Apollo Hospitals have created new patient facilities dedicated to its growing elderly population, it has recently been reported.
Since its inception in the early 1980s, Apollo has emerged as one of the most well-respected healthcare providers within India.
Encompassing 70 hospitals, 100 clinics and 2400 pharmacies across 140 countries, Apollo Hospitals provides in order to provide swift diagnostics and personalised care plans tailored to each individual.
To this effect, India’s dense population has seen the need for increased health services, especially for its elderly population. Care services are limited but in high demand, whilst the number of health professionals specialising in geriatric care remains scarce, with a shortage of doctors and medical professionals in both India’s public and private healthcare systems.
The new clinics will ultimately benefit a large chunk of India’s population, where the integrated healthcare provider aims to open up a further five clinics to support this growing need, and embed these services in over 60 hospitals in India long-term. Additionally, to support its increased revenues, it is looking to acquire a number of smaller hospitals, following on from gaining a stake in Assam Hospitals last year.
“Geriatric clinic will provide comprehensive care, addressing patients medical, psychological and rehabilitative needs, said Vasanth Kumar, a Geriatric Consultant at The Hospital Group. “Besides focusing on treating the elderly will majorly lay thrust on preventive care even before they have a problem.”
Their aggressive expansion plans will see Apollo Hospitals look towards further Indian cities, such as Delhi, Mumbai and Bengaluru. The clinics will encompass four zones – emergency and home care, out-patient and in-patient care, and provide personalised services, such as tailored care plans, areas for patients to improve their quality of life, besides the use of medication and various other essential assessments.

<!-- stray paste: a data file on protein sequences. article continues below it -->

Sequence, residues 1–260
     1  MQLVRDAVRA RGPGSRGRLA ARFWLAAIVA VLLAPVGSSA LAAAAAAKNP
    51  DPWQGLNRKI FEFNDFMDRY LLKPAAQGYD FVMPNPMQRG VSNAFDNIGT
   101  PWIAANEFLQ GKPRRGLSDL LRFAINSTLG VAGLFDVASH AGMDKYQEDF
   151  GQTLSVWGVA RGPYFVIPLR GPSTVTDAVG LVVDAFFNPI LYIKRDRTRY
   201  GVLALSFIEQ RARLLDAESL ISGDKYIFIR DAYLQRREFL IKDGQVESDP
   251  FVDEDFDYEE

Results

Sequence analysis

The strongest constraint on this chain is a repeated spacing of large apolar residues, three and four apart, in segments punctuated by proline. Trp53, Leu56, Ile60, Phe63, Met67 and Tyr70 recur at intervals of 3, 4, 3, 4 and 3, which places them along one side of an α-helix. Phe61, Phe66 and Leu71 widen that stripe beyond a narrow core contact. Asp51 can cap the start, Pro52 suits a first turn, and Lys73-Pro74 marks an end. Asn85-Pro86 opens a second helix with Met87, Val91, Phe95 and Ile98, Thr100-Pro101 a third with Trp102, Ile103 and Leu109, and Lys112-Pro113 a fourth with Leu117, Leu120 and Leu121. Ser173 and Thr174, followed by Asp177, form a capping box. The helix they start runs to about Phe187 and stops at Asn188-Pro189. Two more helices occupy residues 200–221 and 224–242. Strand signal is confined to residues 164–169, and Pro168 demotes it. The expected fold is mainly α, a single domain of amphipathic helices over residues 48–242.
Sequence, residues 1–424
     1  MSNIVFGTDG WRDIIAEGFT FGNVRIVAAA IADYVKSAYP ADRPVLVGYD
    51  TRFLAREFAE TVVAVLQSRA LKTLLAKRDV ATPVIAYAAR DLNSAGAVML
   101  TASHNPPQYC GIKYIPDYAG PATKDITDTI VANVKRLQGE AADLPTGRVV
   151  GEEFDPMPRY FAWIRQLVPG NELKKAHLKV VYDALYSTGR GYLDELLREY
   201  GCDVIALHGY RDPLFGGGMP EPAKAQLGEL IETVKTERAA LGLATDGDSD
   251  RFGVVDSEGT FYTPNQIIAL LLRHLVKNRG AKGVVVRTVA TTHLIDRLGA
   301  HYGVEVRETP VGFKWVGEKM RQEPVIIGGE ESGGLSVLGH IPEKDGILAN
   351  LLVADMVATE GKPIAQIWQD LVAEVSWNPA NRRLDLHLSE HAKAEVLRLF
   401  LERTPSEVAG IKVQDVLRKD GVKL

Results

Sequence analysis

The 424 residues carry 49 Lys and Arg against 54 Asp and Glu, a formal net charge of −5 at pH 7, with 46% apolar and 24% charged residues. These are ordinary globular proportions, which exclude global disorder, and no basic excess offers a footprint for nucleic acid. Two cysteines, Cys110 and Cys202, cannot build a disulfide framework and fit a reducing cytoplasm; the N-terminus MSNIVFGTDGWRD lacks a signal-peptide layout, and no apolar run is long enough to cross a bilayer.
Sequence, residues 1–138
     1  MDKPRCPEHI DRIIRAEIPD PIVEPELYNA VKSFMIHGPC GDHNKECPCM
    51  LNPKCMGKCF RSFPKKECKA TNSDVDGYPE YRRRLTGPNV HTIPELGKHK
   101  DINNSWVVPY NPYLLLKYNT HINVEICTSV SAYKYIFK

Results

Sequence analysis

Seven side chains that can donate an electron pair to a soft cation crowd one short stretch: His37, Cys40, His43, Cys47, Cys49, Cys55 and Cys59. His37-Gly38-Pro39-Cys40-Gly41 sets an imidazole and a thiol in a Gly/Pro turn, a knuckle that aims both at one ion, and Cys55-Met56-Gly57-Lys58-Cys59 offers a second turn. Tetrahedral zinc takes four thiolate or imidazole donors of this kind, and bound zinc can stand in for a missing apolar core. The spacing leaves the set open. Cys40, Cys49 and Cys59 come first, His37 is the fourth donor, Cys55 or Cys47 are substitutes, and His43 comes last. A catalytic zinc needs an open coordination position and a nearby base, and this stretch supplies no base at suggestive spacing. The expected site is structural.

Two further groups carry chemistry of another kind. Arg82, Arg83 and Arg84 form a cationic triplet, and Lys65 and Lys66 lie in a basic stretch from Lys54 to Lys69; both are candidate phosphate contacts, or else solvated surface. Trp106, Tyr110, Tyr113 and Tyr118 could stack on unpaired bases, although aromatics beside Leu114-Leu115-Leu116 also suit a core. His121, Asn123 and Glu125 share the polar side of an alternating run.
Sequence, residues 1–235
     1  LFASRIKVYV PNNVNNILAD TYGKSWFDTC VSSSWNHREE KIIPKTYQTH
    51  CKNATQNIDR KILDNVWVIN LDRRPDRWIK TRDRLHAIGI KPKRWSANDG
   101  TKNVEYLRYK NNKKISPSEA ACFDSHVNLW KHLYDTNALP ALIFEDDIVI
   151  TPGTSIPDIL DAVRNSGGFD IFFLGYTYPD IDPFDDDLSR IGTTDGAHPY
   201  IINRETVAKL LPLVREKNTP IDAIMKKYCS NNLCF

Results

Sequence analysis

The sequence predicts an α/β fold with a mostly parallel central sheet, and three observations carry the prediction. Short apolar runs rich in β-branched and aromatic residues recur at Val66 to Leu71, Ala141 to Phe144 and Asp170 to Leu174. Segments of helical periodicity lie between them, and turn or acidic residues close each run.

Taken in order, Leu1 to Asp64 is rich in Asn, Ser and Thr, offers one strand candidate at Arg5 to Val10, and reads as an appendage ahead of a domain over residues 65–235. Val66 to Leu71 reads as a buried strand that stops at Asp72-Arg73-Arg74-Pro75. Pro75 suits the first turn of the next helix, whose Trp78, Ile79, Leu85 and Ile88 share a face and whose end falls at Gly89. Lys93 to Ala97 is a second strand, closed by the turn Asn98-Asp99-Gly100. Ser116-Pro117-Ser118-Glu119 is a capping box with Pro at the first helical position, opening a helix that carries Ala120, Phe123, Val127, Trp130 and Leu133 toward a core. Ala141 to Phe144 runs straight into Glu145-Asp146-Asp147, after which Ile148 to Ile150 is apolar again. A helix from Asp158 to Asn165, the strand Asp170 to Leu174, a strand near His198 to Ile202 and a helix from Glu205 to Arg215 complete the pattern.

Treatments will also be extensive, covering areas such as memory loss, fractures from falls, medicine management and many more. There will consequently be a significant employment drive for medical staff throughout India whilst Apollo Hospitals works on growing its technologies to support patient health.
Last month, Ms Shobana Kamineni, Executive Vice Chairperson of Apollo Hospitals said: “Apollo is the first healthcare organisation to realise that it couldn't standardise multiple hospitals and patient services without the use of new technology.
Embedding technology innovation and bench to bedside research into Apollo’s ecosystem is of paramount importance. These are cornerstones of a consistently evolving patient centric healthcare system”.
Mr Seemant Jauhari, CEO of Apollo Research & Innovations (ARI), also commented that "it's about staying more aware about one`s health and staying healthy" and “if someone is highly predisposed to cardiovascular disease and their clinical assessment is on the borderline, our physicians can proactively monitor a patient`s lipid profile, for example."
Apollo Hospitals constantly looks at ways in which to improve its service delivery and cater towards growing patient demands. Not only has the provider looked at developing new geriatric clinics, but has also recently overhauled its cardiology specialist areas through the launch of a new Centre of Excellence for condition Chronic Total Occlusion (CTO).
The use of organ transplantation has also become a key focus for Apollo Hospitals. Becoming renowned in India, its transplant program has been running for over twenty years, and is constantly revised in line with new guidelines, standards, procedures and innovative technologies bought to the table. It’s liver transplant program is one of the most well renowned and successfully areas of expertise globally.